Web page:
I saw a code change at work, where the mode values were changed from 777 to 0777 to make nfs setattr work. What is the difference in the 2 values?
If you're passing them to
chmod (the command-line program), there is no difference. But in a C program or similar,
0777 is octal (three sets of three 1 bits, which is what you intend), while
777 is decimal, and it's quite a different bit pattern. (
chmod will interpret any numeric argument as octal, hence no leading zero is necessary.)
0777 (octal) == binary
0b 111 111 111 == permissions
rwxrwxrwx (== decimal
777 (decimal) == binary
0b 1 100 001 001 == permissions
sr----x--x (== octal
The first bit is used for the sticky bit http://en.wikipedia.org/wiki/Sticky_bit
If you set permission using 4 digits, the first will set or remove this bit.
The interesting answer is:
- there is no difference between
700, as explained in the other answers
- but there is a difference between
At least that's the case for GNU coreutils' chmod version, which is the default on Linux.
See this example:
$ ls -ld mydir drws--s--- 4 myuser mygroup 4096 Jul 8 09:27 mydir $ chmod 0710 mydir ; ls -ld mydir # surprise ahead -- s-bits remain: drws--s--- 4 myuser mygroup 4096 Jul 8 09:27 mydir $ chmod 00710 mydir ; ls -ld mydir # _now_ they're gone: drwx--x--- 4 myuser mygroup 4096 Jul 8 09:27 mydir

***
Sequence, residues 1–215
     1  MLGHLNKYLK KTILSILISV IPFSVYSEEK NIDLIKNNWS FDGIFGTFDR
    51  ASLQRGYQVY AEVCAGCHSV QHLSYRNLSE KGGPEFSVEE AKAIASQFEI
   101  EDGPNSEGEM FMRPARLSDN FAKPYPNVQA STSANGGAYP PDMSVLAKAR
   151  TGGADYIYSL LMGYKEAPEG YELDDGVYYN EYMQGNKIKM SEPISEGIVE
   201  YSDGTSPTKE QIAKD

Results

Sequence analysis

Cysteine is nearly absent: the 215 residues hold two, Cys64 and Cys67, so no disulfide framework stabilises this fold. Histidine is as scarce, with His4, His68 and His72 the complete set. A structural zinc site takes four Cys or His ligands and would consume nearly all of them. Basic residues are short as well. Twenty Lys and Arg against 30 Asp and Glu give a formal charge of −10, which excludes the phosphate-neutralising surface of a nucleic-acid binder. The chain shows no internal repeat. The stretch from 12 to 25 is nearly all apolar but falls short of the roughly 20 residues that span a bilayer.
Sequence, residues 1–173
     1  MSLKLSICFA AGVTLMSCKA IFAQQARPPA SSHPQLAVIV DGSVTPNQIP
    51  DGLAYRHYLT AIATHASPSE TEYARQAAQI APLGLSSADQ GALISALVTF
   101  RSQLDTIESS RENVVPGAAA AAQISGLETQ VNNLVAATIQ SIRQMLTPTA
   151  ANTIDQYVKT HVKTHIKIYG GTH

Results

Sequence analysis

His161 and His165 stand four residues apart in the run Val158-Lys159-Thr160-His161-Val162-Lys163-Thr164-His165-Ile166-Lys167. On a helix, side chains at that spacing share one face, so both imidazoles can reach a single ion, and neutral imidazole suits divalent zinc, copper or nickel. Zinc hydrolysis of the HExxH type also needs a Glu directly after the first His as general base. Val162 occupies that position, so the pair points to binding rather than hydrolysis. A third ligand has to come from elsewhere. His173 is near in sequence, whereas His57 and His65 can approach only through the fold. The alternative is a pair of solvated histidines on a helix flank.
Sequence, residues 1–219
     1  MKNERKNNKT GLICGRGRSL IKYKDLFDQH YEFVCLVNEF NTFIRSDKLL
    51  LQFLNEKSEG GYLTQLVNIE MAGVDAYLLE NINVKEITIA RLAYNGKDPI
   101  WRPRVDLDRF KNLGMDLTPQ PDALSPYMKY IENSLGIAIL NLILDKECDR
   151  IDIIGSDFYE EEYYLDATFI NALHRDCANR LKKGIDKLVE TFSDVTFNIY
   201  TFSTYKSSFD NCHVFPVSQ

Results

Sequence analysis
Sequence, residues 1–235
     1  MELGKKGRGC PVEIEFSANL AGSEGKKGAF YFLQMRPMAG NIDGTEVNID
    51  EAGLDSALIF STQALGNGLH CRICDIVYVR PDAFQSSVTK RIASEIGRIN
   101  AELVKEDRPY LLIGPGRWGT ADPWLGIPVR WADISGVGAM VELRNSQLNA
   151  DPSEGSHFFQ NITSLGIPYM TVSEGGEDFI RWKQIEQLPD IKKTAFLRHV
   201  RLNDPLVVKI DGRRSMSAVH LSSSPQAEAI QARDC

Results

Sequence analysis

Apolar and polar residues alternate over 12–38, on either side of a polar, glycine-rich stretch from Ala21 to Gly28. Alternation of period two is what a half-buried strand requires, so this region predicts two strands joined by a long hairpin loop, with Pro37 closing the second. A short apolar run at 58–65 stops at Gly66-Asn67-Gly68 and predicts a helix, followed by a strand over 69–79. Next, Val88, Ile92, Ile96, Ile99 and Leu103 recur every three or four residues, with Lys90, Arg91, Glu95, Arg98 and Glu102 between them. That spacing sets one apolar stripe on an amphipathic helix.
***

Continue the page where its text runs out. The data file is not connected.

This is to avoid accidental deletion of setuid/setgid bits for directories. For details, see the chmod documentation.
In Linux system there are two types permissions are available:
- File Permission
- Special Permission
In File permission we set permission on files and folders:
The permissions are:
While in special permission three types of permission are:
- Sticky Bit(1)
In your question you ask what is difference, so there is no any difference between
chmod 777 and 0777 because there is
no any octal value which show value of (0) zero.